Prehistoric gold source traced to Mourne mountains
THE MOUNTAINS of Mourne may be fabled in song but now they have a new focus as scientists believe they were the source for most of Ireland’s prehistoric gold.
Ireland has a very high level of prehistoric gold objects especially from the early Bronze Age (2400-1800BC) when large quantities of it was used by skilled craftsmen.
They turned out beautiful objects such as the gold collars or lunula similar to the one which turned up recently following a robbery in Co Roscommon.
This led to speculation for centuries about the source of so much easily available gold and a belief there had to be lots of gold available locally to the craftsmen.
Now archaeologists and geologists believe they have found that source, following a 14-year study which used not only the most modern scientific equipment but also involved the teams using primitive gold-mining methods.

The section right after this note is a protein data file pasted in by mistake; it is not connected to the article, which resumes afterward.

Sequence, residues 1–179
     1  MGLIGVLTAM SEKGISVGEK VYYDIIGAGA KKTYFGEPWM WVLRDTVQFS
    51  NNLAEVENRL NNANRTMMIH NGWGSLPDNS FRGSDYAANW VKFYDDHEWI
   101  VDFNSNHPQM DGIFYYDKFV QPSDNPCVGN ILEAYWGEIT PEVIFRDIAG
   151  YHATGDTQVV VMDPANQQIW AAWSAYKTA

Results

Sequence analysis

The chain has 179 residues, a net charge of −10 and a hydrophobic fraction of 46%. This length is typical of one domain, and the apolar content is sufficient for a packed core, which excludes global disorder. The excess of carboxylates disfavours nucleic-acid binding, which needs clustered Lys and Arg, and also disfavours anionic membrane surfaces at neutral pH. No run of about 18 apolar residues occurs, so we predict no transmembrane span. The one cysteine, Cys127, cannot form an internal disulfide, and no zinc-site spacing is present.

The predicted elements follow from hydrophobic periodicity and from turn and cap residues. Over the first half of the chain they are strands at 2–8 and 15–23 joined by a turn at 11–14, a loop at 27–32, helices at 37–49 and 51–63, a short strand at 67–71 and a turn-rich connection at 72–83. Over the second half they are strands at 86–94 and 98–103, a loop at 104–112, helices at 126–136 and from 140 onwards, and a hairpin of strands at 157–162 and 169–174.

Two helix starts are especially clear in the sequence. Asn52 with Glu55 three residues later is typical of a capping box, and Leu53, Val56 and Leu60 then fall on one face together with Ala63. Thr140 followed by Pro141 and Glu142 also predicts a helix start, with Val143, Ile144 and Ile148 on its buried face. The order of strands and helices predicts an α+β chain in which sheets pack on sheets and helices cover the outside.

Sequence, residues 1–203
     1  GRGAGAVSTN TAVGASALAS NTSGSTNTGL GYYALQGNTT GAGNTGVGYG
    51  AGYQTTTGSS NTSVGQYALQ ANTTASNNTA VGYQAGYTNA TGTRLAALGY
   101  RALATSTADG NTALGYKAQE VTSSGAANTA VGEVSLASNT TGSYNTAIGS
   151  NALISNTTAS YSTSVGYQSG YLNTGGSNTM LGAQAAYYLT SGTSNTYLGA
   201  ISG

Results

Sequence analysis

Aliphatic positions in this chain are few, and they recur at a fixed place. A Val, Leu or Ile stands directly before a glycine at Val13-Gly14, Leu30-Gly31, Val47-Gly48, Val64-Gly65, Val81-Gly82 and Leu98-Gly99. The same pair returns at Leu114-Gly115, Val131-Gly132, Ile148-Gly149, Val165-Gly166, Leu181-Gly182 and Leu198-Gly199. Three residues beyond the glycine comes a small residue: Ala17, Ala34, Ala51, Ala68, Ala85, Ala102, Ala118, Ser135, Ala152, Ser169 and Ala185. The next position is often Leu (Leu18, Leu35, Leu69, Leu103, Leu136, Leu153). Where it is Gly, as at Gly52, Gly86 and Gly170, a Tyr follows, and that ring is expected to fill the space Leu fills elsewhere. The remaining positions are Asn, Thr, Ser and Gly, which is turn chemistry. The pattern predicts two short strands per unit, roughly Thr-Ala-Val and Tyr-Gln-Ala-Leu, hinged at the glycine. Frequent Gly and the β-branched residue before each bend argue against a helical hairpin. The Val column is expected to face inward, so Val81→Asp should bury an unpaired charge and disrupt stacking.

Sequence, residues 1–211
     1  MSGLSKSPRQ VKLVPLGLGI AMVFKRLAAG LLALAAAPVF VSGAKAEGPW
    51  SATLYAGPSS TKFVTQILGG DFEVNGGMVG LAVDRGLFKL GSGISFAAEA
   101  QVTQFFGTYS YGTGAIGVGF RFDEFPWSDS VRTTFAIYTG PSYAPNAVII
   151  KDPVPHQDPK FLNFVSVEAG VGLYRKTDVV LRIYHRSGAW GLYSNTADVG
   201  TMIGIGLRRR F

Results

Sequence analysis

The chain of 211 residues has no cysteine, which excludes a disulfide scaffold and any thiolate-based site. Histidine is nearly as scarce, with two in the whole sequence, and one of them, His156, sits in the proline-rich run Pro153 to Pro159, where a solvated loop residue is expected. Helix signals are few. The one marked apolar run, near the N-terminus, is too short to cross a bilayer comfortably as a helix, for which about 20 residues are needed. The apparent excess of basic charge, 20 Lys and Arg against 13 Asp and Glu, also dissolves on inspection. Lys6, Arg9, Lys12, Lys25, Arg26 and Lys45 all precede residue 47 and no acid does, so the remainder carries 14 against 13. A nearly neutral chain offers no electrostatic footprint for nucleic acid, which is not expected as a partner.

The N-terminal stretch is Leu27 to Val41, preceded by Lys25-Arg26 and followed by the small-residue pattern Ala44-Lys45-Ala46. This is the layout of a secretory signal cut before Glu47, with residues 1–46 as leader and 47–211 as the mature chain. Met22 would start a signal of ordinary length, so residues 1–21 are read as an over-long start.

According to a report in the current edition of Archaeology Ireland, the scientists used X-ray fluorescence spectrometry to look at the silver content of prehistoric Irish gold in more than 400 objects. As that work was going on, others were literally out panning for gold in Irish rivers, walking the mountains looking for gold in the hills and extracting gold from rocks by fire, as prehistoric people would have done.
The teams even extracted gold from rocks on Croagh Patrick, Co Mayo, by heating and quenching the rock, crushing it and panning the resultant sand.
The scientific work found the average silver content of gold in the early Bronze Age ornaments was 10 per cent and this matched perfectly the profile of gold taken from the river Bann and its tributaries but not that of gold taken from other Irish sources.
The scientific work on gold recovered from artefacts matched because gold grains from areas of high gold abundance invariably exhibit a distinct compositional signature, said the report.
The authors of the report, Richard Warner, Bob Chapman, Mary Cahill and Norman Moles, said the dearth of of early Bronze Age ornaments from the area itself should not affect their conclusions.
“It is a great satisfaction to be able to suggest, with solid evidence, that the Irish early Bronze Age ornaments were not only made of Irish gold but probably of gold from Co Down’s Mourne Mountains,” it concluded.